In 1986, at the age of 21, Alejandra Melfo moved to Mérida, Venezuela, “the city of eternal snow,” to study science at the University of Andes. There, in a mountainous city, they often gazed upon the vast expanse of the Sierra Nevada de Mérida: a huge, powerful, towering, two-mile-long[3 km]layer covered with snow and ice. Shortly after arriving in Uruguay, a mountainous country, they fell in love.
As the years went by, Melfo saw a morph shape. Two of the glaciers that seemed to emerge from the city were receding. Larger cracks arose, breaking the ice into smaller particles. All the glaciers fell off, revealing a rock beneath it. By 1990, another mountain, Pico La Concha, had lost all its ice. In 2017, Pico Bolivar, Venezuela’s top scorer, followed suit. Today, only one glacier remains in Venezuela: the second largest peak, the Pico Humboldt.
“It’s that time [almost] it’s over now, ”says Melfo, a scientist at the Andes University, who has recently been working on biological and environmental issues, including research on the last watershed.
Pico Humboldt’s ice cream has survived in some ways because it is protected by the shadow of its tip – but only slightly. In 1910, glaciers covered about 1.5 miles[1.3 km]. The final measure, in 2019, showing that the glaciers have shrunk to 0.02 square miles[0.02 sq km]or about the size of the Mérida soccer field, by less than 2 percent of its original size. If the glaciers run out, Venezuela may be the first country in the world to have an iceberg and lose them all.
This is inevitable, experts say, since no climate change could be delayed or stopped. Venezuelan glaciers — like many others, in places like Colombia, Peru, Kenya, or Uganda — are particularly sensitive to climate change, since they often already have a warm climate. By the end of the decade, the last one will be gone. “Going back, you can’t put it out, it’s impossible,” says Maximiliano Bezada, a geologist at the University of Minnesota who is not involved in modern research on the glacier.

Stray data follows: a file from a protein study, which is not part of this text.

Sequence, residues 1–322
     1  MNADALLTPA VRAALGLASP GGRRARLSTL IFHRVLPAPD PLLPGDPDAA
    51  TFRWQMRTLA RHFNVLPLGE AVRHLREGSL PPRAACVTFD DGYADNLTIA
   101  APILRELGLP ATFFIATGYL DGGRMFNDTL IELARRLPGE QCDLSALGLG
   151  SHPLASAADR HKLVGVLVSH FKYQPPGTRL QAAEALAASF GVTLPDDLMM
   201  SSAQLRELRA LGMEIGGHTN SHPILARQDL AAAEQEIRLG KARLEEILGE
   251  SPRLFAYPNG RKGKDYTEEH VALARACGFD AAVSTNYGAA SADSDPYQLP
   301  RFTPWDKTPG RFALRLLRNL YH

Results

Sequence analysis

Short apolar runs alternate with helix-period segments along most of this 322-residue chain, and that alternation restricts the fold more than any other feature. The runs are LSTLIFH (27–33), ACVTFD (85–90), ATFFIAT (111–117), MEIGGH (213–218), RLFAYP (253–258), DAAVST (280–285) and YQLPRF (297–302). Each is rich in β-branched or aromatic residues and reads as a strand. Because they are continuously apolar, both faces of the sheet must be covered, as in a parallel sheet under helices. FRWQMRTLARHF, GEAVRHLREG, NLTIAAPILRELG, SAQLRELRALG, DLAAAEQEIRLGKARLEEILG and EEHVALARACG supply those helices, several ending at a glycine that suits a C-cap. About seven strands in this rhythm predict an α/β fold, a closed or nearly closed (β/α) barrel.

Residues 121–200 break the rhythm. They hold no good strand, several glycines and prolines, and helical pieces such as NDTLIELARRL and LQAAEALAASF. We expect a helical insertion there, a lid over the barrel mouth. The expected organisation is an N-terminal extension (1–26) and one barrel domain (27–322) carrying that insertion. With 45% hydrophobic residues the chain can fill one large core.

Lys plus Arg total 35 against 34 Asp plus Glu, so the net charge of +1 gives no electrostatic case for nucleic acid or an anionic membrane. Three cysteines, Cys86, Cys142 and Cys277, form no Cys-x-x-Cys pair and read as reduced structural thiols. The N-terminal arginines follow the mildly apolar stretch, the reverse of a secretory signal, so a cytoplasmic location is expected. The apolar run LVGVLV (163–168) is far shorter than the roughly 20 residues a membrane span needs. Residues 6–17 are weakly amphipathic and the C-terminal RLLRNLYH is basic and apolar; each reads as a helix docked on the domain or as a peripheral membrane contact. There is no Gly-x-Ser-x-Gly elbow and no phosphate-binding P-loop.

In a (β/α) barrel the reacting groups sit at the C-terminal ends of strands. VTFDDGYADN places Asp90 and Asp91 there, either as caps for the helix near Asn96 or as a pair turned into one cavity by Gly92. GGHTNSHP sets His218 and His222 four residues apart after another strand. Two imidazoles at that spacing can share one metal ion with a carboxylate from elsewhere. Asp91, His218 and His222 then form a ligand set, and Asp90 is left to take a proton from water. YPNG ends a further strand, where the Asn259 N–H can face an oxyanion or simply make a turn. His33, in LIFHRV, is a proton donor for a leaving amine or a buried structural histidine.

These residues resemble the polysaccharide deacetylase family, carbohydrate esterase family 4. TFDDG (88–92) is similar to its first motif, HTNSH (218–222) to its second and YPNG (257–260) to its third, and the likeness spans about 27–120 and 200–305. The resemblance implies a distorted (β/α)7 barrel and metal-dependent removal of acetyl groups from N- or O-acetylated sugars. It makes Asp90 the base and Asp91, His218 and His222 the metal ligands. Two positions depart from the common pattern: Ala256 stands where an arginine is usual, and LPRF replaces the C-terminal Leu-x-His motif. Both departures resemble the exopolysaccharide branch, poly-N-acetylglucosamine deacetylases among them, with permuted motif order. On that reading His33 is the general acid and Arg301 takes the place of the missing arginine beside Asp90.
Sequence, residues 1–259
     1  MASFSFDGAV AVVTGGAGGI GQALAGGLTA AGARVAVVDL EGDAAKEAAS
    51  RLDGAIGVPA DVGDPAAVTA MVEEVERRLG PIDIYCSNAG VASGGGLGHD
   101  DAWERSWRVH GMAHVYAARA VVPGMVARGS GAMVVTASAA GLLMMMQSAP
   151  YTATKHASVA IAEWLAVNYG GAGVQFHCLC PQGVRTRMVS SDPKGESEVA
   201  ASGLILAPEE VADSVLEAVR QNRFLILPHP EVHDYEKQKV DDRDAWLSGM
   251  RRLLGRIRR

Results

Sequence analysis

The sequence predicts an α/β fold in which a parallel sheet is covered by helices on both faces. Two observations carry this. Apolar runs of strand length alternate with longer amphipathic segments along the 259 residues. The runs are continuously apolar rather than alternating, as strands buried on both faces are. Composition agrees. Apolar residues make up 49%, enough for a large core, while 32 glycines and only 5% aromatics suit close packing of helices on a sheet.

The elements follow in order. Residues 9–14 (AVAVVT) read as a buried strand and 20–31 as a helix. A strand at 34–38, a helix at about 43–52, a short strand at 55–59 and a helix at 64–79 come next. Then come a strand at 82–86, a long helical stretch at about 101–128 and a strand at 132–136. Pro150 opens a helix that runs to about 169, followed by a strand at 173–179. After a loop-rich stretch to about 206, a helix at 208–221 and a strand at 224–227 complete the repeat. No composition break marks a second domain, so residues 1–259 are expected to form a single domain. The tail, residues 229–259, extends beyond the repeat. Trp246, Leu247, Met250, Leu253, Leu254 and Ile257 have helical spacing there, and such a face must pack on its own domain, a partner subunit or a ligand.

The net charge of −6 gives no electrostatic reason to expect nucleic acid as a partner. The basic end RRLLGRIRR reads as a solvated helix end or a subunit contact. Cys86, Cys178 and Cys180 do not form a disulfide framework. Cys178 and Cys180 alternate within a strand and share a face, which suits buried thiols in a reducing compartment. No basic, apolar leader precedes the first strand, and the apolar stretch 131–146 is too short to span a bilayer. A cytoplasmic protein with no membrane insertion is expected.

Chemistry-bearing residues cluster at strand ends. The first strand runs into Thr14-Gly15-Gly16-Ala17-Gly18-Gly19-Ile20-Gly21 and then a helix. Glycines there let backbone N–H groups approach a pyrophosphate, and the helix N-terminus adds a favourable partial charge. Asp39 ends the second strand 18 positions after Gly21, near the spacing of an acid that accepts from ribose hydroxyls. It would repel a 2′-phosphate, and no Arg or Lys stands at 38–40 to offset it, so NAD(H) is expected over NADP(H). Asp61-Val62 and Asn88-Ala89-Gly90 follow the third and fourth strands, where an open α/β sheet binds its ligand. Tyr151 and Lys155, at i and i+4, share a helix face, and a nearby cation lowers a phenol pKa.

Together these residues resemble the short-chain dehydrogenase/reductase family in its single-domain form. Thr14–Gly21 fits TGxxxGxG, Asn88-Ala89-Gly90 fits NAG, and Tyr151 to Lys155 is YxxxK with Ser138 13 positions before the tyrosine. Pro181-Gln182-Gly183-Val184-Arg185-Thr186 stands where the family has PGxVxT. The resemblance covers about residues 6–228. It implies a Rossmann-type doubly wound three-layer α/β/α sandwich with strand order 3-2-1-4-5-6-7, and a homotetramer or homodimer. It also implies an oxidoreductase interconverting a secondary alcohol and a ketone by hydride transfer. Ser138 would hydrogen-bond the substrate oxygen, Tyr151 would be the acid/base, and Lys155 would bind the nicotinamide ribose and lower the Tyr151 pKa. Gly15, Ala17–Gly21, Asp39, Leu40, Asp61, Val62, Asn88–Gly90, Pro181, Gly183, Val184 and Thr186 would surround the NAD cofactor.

But instead of giving up, a team of scientists in Venezuela is looking for a missing opportunity. This glacier has been around for thousands of years, and now the tips of the previously covered ice sheet are not covered with snow and ice for thousands of years. These mutations, says Melfo, provide a unique picture of how life is in a nonliving environment, a process called “the first sequence.”
“[We’re] witnessing exactly when these things are changing from one culture to another. This is very special, ”he says. “It’s not that you can’t see things at the geological level happening in front of you.”
Scientific work began with long, steep slopes. In 2019, Melfo and a diverse group of people, including a botanist, naturalist, lichenologist, and others, made three trips to Pico Humboldt. Over a distance of over two miles[3 km]with heavy transport equipment, and without much knowledge of such conditions, it took the team two or three days to reach the base of the Pico Humboldt glacier.